Comet 6P/ d’ Arrest was discovered on 28th June, 1851 by an eminent astronomer Heinrich Ludwig d’ Arrest (Leipzig, Germany). It was discovered in the constellation of Pisces. The comet appeared faint on its first observation. It was not found the next night as the sky was hazy. However, but on 30th June, the astronomer described it as large and faint. As the comet was first discovered by d’ Arrest, it was named after him.
Some of the observations about comet d’ Arrest includes:
- On the discovery of its apparition, it had a one degree long tail.
- The comet was large and appeared faint.
- A spectacular characteristic about this comet on later apparitions was the ‘sudden surge in brightness’. Its brightness increased almost about 15–40 times.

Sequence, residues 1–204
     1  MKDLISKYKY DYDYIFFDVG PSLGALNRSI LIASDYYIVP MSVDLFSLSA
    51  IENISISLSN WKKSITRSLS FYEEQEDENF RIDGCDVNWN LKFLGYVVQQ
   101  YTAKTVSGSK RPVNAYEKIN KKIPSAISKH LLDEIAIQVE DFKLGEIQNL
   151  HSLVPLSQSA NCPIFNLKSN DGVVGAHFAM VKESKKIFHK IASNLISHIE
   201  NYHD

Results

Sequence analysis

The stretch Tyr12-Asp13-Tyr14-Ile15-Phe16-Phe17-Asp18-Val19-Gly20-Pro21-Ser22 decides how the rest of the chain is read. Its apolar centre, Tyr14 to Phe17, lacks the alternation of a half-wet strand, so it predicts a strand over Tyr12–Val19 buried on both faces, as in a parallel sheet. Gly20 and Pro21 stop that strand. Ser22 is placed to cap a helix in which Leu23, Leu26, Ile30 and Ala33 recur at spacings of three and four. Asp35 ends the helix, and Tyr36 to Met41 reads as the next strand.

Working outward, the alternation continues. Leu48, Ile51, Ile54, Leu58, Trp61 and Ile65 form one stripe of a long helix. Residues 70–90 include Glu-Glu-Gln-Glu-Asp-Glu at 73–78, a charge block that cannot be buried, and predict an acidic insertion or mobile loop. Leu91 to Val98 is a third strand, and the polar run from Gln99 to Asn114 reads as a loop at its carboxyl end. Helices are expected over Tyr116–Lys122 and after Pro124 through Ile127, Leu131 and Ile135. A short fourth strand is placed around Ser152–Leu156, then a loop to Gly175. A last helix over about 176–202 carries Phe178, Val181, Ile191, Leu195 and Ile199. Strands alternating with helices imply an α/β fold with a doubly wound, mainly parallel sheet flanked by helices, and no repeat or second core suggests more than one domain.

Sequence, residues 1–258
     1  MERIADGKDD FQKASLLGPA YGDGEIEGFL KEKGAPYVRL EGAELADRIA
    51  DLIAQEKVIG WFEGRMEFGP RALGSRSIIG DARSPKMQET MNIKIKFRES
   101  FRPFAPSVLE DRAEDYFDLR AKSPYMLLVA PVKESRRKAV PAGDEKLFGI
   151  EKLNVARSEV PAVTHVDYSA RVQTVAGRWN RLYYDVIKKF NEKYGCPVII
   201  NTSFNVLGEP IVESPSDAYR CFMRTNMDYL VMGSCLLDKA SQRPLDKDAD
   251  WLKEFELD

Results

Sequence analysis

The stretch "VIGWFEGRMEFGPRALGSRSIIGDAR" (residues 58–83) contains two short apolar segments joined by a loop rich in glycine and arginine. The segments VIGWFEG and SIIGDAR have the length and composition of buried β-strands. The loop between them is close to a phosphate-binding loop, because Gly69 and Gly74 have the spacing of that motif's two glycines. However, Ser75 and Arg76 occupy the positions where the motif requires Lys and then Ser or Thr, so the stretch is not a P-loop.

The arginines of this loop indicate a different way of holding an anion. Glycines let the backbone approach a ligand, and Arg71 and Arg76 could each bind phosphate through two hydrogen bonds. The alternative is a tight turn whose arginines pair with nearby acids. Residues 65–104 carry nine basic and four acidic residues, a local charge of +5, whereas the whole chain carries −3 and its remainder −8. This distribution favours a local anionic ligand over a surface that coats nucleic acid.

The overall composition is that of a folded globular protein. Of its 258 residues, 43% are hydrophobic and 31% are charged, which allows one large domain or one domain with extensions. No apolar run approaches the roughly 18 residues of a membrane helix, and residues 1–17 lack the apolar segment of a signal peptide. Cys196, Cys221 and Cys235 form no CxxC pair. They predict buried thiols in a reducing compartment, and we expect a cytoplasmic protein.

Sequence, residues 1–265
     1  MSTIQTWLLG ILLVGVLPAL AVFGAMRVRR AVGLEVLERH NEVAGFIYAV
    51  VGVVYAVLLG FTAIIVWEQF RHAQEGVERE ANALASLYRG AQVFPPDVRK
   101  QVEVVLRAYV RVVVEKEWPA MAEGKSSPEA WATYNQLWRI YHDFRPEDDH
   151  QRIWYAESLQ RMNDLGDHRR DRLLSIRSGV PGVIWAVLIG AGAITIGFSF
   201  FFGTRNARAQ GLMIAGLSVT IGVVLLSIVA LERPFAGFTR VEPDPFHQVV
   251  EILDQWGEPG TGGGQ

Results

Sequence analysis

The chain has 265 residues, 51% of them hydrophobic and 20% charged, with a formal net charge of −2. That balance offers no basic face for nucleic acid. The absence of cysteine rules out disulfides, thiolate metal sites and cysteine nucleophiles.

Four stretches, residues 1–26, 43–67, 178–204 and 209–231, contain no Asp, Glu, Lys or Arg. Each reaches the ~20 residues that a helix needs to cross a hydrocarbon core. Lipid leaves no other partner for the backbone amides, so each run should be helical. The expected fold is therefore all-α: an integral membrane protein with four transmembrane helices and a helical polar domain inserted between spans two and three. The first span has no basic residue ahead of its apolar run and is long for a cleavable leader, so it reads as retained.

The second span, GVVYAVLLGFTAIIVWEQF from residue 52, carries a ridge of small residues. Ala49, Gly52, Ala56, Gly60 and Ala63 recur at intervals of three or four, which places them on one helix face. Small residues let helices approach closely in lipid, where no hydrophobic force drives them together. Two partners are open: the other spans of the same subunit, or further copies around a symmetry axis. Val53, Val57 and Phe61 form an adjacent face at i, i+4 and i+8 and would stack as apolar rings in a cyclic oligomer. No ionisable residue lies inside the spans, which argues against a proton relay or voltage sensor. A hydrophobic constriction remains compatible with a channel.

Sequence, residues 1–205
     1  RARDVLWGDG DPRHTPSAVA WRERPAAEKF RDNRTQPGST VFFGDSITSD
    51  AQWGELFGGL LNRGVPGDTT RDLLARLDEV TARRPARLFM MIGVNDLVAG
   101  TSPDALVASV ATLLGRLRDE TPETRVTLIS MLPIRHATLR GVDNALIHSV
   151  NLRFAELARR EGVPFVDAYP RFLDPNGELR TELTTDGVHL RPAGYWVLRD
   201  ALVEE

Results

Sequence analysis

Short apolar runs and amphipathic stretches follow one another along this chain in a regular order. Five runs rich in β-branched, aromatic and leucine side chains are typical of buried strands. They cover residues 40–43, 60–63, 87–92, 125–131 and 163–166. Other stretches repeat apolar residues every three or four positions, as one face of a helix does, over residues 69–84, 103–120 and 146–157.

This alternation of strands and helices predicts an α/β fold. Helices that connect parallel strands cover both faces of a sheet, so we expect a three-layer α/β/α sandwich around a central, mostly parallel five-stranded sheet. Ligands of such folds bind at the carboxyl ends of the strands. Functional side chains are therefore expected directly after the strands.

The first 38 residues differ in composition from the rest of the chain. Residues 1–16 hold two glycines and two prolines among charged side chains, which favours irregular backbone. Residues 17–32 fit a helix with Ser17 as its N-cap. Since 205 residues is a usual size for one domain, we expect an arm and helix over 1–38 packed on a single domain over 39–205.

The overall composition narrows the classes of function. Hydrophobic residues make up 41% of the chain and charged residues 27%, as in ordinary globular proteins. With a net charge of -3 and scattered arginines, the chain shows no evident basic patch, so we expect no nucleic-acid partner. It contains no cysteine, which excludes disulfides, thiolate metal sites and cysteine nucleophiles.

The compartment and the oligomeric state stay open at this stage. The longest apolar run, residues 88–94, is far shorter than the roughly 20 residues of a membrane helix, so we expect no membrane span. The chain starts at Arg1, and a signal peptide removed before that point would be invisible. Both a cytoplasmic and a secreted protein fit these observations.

- It is visible through a large telescope due to its faintness. When bright after perihelion, it is visible through binoculars and small telescopes.
At the time of its discovery, the comet appeared faint. On its apparition in 1950, the magnitude was revealed at about 12.5. Three weeks later, it appeared very bright and a magnitude of 10.5 was noted. During the 1995 apparition, the brightness was reached at a magnitude of about 7.5–11.
The perihelion distance (nearest to the sun) of the comet d’ Arrest is calculated at about 1.3 AU while its aphelion distance (far from the sun) is noted at 5.6 AU. However, the perihelion and aphelion distances keep changing due to the perturbations caused by the gravity of the giant planet Jupiter.
Orbital period of comet d’ Arrest is noted at about 6.5 years. However, it travels on an elliptical orbit between Mars and Jupiter.
Comet d’ Arrest had a close approach to Jupiter in 1968. Also, in 1976, it had a close approach to the Sun and the Earth.
The last perihelion of the comet d’ Arrest was on 14th August, 2008 and 2nd March, 2015 respectively. However, it is expected to pass perihelion around the year 2021.